Or you can buy 6″ disks of wood from the craft shop and use a wood-burner to create Pennsylvania Dutch hex symbols.  There are several books with information about the hex symbols and what they represent and how they’re made.

You can give gifts of baby-sitting and house-sitting, or back rubs and scalp massages.

One year, when we were very poor, I made up 20 dozen gingersnaps and 10 dozen chocolate-peanut butter chip cookies and wrapped them in foil with ribbon.  Then my husband and I made gallons of candied corn (using pink and green colorings in the syrups) and our friends got sweet treats that year.

Do not be embarrassed if your gifts come from your heart and hands rather than the store.  With the insistence on buy! buy! buy! that our media pounds into us each December season, it’s hard to feel okay about home-crafted gifts, but if your friends love you, they will love what you make for them.

One note: I buy gifts for Yule throughout the year, but I won’t allow myself to wrap them until the weekend after Thanksgiving.  This way I still have the excitement of wrapping gifts without the headache of holiday shopping.


Yule Pet Tips

I have always loved tinsel, but it’s dangerous to have around cats so I’ve developed a way to get a similar look.  Buy strings of plastic beads in metallic gold, silver or iridescent colors (each bead should be about ¼” diameter).  Cut the long strands into 18″ lengths.  You can drape these over the tree limbs and if a cat pulls one off, it’s less likely to swallow the beads than it would tinsel.  I was surprised by how pretty they look.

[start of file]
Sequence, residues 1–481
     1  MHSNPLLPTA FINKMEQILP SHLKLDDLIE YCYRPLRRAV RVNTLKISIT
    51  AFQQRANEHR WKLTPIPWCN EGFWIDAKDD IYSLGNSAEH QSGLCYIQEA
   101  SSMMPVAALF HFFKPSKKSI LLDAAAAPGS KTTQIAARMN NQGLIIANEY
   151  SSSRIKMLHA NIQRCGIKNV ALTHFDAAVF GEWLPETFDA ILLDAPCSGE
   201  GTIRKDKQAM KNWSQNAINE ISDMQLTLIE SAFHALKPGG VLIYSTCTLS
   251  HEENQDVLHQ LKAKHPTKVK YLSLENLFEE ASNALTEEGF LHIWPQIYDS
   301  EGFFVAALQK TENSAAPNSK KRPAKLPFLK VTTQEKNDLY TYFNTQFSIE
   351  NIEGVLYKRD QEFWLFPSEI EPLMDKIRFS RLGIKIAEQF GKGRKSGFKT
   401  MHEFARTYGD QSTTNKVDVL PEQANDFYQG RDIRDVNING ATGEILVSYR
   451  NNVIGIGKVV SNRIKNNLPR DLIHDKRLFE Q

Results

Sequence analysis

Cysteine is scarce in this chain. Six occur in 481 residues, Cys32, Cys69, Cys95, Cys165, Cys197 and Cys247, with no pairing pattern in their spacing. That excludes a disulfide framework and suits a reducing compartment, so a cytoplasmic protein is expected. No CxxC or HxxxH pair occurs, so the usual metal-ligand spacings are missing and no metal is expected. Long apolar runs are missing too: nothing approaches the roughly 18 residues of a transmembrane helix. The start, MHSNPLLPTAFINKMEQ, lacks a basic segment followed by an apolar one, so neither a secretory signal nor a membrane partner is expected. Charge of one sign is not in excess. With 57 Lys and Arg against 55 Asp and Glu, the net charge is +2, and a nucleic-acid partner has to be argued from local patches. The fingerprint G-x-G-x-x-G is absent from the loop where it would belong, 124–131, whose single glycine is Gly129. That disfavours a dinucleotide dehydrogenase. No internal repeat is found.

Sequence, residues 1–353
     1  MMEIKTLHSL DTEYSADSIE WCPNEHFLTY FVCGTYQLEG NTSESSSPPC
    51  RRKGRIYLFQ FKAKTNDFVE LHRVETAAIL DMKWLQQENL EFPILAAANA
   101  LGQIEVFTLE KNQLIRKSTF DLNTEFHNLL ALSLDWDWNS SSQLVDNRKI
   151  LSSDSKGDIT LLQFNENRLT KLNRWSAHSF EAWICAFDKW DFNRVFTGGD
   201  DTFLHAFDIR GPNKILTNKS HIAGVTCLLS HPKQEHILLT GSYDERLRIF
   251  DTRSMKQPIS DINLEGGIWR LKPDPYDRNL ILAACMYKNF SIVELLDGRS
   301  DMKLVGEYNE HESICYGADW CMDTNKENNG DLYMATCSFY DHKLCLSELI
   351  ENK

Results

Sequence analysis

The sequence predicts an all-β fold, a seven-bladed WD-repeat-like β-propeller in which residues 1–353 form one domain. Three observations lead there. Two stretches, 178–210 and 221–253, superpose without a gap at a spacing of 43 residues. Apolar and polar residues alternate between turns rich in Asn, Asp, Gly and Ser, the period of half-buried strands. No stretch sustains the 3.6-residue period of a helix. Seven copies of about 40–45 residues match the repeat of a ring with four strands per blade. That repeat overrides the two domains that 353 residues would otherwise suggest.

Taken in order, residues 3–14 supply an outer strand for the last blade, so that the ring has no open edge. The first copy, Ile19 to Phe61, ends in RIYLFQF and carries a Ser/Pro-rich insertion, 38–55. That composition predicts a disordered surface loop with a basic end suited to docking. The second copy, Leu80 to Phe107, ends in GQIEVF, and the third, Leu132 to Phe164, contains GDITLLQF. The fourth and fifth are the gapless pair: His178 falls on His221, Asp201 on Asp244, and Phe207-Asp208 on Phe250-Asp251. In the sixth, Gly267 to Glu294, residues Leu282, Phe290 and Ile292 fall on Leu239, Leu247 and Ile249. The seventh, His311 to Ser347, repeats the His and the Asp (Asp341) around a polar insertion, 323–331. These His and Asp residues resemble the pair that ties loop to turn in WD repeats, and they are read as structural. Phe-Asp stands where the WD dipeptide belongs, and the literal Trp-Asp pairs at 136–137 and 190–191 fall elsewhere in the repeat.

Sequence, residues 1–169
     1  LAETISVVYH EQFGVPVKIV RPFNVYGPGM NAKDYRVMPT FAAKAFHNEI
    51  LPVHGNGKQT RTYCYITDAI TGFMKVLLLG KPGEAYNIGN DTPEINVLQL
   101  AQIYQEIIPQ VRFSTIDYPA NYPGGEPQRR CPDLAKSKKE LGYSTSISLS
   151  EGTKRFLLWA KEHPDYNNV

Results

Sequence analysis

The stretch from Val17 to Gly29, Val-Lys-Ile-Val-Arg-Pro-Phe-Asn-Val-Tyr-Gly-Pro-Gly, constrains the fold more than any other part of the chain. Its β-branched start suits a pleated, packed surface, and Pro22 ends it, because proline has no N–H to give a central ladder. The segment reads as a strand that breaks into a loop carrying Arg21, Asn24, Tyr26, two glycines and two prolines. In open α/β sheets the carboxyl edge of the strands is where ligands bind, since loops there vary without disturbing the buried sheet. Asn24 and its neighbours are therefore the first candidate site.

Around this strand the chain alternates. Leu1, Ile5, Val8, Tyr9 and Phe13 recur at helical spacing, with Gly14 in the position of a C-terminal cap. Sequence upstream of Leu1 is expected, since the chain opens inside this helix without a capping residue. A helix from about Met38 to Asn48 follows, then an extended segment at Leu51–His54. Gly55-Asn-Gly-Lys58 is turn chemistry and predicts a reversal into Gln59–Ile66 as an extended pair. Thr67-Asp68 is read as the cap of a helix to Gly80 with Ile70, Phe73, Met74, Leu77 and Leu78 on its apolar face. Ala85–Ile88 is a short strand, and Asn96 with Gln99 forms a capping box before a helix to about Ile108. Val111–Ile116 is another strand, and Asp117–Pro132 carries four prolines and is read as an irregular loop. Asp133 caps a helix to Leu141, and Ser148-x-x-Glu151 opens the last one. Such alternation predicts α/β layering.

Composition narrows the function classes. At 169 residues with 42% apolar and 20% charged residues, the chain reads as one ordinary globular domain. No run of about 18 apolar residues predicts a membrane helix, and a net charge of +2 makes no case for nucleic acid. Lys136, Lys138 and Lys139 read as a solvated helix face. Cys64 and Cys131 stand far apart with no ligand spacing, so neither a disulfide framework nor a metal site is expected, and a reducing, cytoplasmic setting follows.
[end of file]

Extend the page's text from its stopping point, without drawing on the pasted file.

We’ve found that having an artificial tree discourages our cats from trying to climb it–no small feat with four felines who think the top of the refrigerator is their home.  I suppose that it hasn’t got the smell of a tree and so they just sit underneath it, on the presents, and occasionally steal one of the satin balls and bat it into a corner.


The Colors of Yule

Of course red and green are traditional colors this time of year, but think about gold (for the Sun King) and silver (for the Holly King).  White is always appropriate (for snow) and I like to tuck blue into my color scheme.  Not only is it a traditional Finnish color, but it reminds me of ice.


Incenses, Herbs & Woods

Bayberry, cinnamon, frankincense–what Yule ritual would be complete without at least one of these scents?  Also consider spruce and pine–although many people are allergic to pine, so be cautious if you’re using it in group ritual–ask first.

Use bay leaves to write wishes on, then throw them in the Yule fire.  Make cinnamon buns and the aroma of fresh baked sweets will not only satisfy the heart but invoke the powers of protection and success into your home.

Of course holly is associated with Yule (protection and good fortune), and birch (the Yule log is traditionally made from birch wood).  Burn ash at Yule and you’ll be invoking prosperity for the coming year.


Creating A Perpetual Yule Log

It is best to make this out of birch if at all possible.  Procure a length of birch log about 18″ long.  Cut the log in half length-ways so the bottom is flat.  Sand it down.  Measure the top and drill three equally-spaced holes to hold taper candles (about 3/4″–1″ each).  Sand these as well.  You can stain the bottom to protect the Yule log, and I recommend fitting the holes with metal so that the candle flames don’t burn into the wood.

Decorate with runes, gold paint, holly leaves, ribbons, etc. as you like.


*Copyright Yasmine Galenorn 1999, and 2020